A dedicated Support or Tutorial section makes important resources easier to navigate to, allowing your customers to educate themselves or troubleshoot issues.

Imagine unboxing an espresso machine with a thick manual and multiple pieces. You’re immediately overwhelmed and instead of following pages and pages of directions you Google, “how to set up my Breville.”

You’re presented with a short, easy to follow video and related tutorials. Soon, you have a steaming cup of espresso in your hands and a brand affinity that will blossom into brand loyalty as you continue to use the machine and tutorials.

breville customer retention videos

This content provides the customer with ease of use, reducing frustration or friction that they could experience at various touch points.

How to Choose and Track Your Content Marketing Goals

Your content marketing goals will vary depending on what your website has already achieved, the authoritativeness of your site, and the types of resources you have available. 

Take the time to consider your business goals and the types of people you want to attract and retain. Then, map each of your content marketing goals back to those things.

Here are some general guidelines for when to set each goal and how to track success.

Goal When to set it How to achieve it What to track
Improve your site’s topical authorityYour site needs to establish its expertise in a specific areaCreate content in a hub and spoke modelRankings and traffic for topical keywords, share of voice 
Drive sales and conversionsYou have a clear understanding of your customer and the sales funnel.Provide solutions and answers to questions your customer is asking. Avoid relying solely on search volume to identify these opportunities.Number of conversions, conversion rates, revenue
Improve core page rankingsYour site authority is on par with competitors and your core pages are well optimized.Add internal links from highly linked to pages to core pages.Rankings, organic traffic, revenue
Increase traffic, driving potential customers to your siteYou have the resources to create helpful, well-optimized content.Focus on relevant content targeting the right audience at different stages of the buyer’s journey.Organic traffic, engagement rate, conversions
Build trust and set yourself apart from competitorsAny time you’re building a brand and content strategy.Create helpful content that is unique from what others are doing.Engagement rate, time on page, shares
Build your email listYou have or are able to implement user-friendly CTAs.Add email capture pop-ups, incline CTAs, sticky sidebars, or other opt-ins to your pages.Email subscribers, subscriber conversion rate
Retain your customersAny time your product or service requires supporting information.Create content dedicated to using and troubleshooting your product or service.Customer satisfaction, repeat customers, reduction in support queries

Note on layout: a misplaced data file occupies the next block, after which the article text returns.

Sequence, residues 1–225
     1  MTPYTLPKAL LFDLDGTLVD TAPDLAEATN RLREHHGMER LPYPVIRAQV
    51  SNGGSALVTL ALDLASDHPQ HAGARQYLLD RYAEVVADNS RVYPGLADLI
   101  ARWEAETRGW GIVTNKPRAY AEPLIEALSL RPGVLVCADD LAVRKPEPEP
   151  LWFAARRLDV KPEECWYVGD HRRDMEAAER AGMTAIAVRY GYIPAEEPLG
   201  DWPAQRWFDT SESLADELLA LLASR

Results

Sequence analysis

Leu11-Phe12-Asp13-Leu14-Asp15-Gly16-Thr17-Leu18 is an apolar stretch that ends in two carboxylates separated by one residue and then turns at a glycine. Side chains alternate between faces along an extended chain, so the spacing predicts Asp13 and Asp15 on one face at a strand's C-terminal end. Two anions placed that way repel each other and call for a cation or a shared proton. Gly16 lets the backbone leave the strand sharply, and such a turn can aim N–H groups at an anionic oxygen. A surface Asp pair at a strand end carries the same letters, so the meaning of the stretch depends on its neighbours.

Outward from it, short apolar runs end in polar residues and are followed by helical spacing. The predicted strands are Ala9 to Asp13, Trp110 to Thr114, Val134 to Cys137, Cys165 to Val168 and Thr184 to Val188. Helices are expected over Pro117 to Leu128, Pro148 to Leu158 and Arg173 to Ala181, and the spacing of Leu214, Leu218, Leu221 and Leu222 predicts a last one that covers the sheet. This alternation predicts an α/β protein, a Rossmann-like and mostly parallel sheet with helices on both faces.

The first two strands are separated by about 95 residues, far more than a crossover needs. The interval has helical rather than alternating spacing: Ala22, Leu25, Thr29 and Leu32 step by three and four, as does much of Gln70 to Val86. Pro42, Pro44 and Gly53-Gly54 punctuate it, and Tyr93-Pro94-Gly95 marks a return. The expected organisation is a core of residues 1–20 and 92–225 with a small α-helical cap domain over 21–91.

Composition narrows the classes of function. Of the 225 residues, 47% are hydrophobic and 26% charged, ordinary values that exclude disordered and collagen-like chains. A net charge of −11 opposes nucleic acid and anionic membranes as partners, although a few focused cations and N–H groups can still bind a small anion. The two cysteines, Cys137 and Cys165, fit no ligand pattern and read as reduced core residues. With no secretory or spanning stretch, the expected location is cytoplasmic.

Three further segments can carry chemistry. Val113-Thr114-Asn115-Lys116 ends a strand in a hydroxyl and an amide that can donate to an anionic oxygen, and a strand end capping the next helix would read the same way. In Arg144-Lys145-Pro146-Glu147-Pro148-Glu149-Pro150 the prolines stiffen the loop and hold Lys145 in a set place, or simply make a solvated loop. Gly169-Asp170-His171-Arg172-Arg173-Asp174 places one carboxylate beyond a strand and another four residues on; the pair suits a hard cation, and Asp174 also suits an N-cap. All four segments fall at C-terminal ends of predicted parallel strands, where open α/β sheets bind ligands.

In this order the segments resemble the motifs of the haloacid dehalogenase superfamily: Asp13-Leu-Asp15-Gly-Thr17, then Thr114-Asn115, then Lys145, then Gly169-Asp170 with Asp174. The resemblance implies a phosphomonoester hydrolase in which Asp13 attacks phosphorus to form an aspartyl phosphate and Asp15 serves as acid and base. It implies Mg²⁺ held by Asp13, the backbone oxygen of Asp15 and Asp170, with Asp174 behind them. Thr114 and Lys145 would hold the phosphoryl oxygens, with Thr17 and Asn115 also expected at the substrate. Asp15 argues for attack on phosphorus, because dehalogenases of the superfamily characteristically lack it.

Communicating the Value of Content Marketing

Now that you have a clearer picture of your content marketing goals, how can you get buy-in from stakeholders who think content marketing doesn’t have a measurable impact?

  • Show them what they’re missing: If you’re falling behind competitors or competitors are out-performing you for core topics, show the discrepancy. Map this gap back to metrics and brand initiatives that the C-suite cares about.
  • Share case studies: Sometimes a little proof goes a long way. If you have a case study of your past work, ideally with conversions and revenue data, that may help them understand the content marketing potential.
  • Craft easy-to-understand outcomes: As content marketers, we get excited about traffic potential, keyword volume, and all the other nitty-gritty metrics. Stakeholders don’t care. They want to know how much it costs and why it’s worth investing in. Tell that story.
  • Map content strategy to the sales funnel: The sales funnel is something that everyone understands. Positioning different content strategies within the sales funnel (and helping stakeholders understand that not everything is top-funnel) will resonate.

Explain how content marketing supports other teams: Content marketing can help sales, social, and customer support, which may create less work for those teams and allow them to use their time elsewhere. Omni-channel use can stress budgets further.

Ready to Create Impactful Content?

Content marketing should be a holistic strategy that can benefit wider company goals. It shouldn’t exist in a silo.

If you need help achieving your content marketing goals, or aren’t sure which goals to focus on, get in touch! We’re happy to walk you through the content marketing strategies that will work best for your site and provide SEO writing or Digital PR services.

Director of Content Marketing